• Catharina Winter, who landed in Nova Scotia in 1757
  • Mr. Joseph Winter U.E. who settled in Canada c. 1784 [15]
  • Mr. Peter Winter U.E., (Winters) who settled in Elizabeth Town [Elizabethtown], Leeds County, Ontario c. 1786 he served in the Royal Regiment of New York [15]
  • Mr. Henry Winter U.E., (Winters) who settled in Elizabeth Town [Elizabethtown], Leeds County, Ontario c. 1786 he served in the Royal Regiment of New York, married at time of arriving [15]
Winter Settlers in Canada in the 19th Century
  • Heinrich Winter, who arrived in Manitoba in 1876

Australia Winter migration to Australia +

Emigration to Australia followed the First Fleets of convicts, tradespeople and early settlers. Early immigrants include:

Winter Settlers in Australia in the 19th Century
  • Mr. John Winter, British Convict who was convicted in Lancaster, Lancashire, England for 7 years, transported aboard the "Earl Cornwallis" in August 1800, arriving in New South Wales, Australia [16]
  • Miss Ann Winter, British Convict who was convicted in Middlesex, England for 7 years, transported aboard the "Experiment" on 4th December 1803, arriving in New South Wales, Australia [17]
  • Mr. William Winter, English convict who was convicted in Devon, England for life, transported aboard the "Dromedary" on 11th September 1819, arriving in Tasmania ( Van Diemen's Land) [18]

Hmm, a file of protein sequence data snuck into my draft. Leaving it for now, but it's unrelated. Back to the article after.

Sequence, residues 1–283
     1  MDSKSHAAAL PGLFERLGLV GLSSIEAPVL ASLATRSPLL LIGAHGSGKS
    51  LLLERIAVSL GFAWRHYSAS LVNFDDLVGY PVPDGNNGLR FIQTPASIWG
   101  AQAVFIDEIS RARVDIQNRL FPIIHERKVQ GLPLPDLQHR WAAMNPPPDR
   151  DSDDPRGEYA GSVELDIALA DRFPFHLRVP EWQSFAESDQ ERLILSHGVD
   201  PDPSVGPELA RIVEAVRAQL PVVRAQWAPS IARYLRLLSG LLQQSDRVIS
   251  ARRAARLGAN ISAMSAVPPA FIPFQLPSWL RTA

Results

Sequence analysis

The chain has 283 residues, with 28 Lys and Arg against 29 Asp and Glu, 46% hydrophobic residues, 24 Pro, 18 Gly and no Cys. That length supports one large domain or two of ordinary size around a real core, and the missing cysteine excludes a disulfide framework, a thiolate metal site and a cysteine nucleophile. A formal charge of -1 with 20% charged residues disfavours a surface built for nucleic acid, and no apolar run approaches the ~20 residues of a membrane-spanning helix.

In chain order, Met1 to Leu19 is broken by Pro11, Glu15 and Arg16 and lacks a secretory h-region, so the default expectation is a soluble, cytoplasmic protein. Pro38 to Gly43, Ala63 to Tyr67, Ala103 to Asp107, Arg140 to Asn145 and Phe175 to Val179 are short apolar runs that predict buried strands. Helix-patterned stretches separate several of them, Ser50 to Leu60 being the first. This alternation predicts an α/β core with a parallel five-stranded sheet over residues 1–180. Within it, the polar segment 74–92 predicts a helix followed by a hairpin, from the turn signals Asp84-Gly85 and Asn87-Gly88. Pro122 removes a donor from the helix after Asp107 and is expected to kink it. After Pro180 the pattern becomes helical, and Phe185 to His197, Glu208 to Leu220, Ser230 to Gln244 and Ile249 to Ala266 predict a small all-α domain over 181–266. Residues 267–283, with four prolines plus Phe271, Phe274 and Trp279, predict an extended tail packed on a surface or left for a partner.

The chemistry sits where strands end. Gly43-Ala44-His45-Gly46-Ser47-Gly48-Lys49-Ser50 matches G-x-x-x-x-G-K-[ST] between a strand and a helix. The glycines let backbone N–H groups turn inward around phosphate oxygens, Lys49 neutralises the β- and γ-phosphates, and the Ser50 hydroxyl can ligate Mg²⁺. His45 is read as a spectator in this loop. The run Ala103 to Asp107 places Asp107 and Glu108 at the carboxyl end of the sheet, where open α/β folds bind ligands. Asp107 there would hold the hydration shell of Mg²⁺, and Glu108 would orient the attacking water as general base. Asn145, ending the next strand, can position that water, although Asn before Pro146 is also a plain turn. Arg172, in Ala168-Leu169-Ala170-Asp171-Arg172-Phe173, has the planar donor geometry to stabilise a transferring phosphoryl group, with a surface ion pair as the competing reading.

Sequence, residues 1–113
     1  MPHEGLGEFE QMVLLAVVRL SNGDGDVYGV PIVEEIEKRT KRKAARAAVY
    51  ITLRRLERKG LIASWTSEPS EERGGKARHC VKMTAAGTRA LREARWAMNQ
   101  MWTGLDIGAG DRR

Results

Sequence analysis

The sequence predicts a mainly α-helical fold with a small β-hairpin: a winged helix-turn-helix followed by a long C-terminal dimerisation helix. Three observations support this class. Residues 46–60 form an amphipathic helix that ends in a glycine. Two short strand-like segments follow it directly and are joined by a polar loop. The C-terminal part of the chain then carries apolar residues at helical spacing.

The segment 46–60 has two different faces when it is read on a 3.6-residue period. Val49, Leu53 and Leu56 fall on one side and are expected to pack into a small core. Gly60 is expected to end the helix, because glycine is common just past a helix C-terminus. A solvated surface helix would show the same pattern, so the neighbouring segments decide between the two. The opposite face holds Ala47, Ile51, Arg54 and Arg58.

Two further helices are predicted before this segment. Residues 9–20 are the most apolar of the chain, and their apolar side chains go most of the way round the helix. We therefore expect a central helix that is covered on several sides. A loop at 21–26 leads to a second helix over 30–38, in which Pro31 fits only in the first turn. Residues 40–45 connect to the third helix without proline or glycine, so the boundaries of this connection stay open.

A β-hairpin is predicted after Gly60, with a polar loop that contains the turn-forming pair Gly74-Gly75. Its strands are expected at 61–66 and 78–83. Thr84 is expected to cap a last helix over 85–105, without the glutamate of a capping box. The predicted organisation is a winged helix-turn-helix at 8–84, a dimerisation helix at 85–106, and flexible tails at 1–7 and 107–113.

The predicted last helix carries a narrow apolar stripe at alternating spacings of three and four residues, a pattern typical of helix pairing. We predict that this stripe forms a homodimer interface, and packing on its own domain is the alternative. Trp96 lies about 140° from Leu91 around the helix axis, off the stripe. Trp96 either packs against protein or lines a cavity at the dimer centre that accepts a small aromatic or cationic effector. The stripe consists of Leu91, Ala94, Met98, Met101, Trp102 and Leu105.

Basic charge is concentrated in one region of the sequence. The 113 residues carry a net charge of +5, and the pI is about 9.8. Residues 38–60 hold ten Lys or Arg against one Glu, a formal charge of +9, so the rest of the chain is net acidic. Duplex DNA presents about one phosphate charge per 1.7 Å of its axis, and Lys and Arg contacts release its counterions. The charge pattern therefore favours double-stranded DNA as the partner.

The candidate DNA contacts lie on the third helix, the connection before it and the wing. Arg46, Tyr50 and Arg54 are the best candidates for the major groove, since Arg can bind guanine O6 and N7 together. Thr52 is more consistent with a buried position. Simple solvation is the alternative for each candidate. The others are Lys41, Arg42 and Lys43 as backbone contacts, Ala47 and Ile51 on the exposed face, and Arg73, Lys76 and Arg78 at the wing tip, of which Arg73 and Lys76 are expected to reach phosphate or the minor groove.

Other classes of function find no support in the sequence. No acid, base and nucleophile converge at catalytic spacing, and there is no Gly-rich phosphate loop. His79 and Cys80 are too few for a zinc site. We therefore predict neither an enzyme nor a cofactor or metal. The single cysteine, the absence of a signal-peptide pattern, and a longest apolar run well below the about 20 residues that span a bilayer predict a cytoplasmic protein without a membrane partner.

• Mr. Benjamin Winter, (b. 1801), aged 29, English ploughman who was convicted in Hertfordshire, England for life for stealing, transported aboard the "David Lyon" on 29th April 1830, arriving in Tasmania ( Van Diemen's Land) [19]
  • Mr. Joseph Winter, English convict who was convicted in Hertfordshire, England for life, transported aboard the "David Lyon" on 29th April 1830, arriving in Tasmania ( Van Diemen's Land) [19]
  • ... (More are available in all our PDF Extended History products and printed products wherever possible.)

New Zealand Winter migration to New Zealand +

Emigration to New Zealand followed in the footsteps of the European explorers, such as Captain Cook (1769-70): first came sealers, whalers, missionaries, and traders. By 1838, the British New Zealand Company had begun buying land from the Maori tribes, and selling it to settlers, and, after the Treaty of Waitangi in 1840, many British families set out on the arduous six month journey from Britain to Aotearoa to start a new life. Early immigrants include:

Winter Settlers in New Zealand in the 19th Century
  • Mrs. Winter, Cornish settler travelling from Launceston aboard the ship "Eagle" arriving in New Zealand in 1850 [20]
  • Child Winter, Cornish settler travelling from Launceston aboard the ship "Eagle" arriving in New Zealand in 1850 [20]
  • Mr. Winter, British settler travelling from London aboard the ship "Traveller" arriving in Auckland, New Zealand on 22nd July 1859 [21]
  • Mrs. Winter, British settler travelling from London aboard the ship "Traveller" arriving in Auckland, New Zealand on 22nd July 1859 [21]
  • David Winter, aged 40, who arrived in Nelson, New Zealand aboard the ship "Anne Longton" in 1860